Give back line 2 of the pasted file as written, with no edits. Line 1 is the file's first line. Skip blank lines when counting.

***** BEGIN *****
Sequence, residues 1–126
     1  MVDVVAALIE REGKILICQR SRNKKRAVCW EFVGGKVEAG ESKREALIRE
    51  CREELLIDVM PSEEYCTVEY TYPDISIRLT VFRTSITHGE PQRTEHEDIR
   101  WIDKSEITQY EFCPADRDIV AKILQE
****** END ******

     1  MVDVVAALIE REGKILICQR SRNKKRAVCW EFVGGKVEAG ESKREALIRE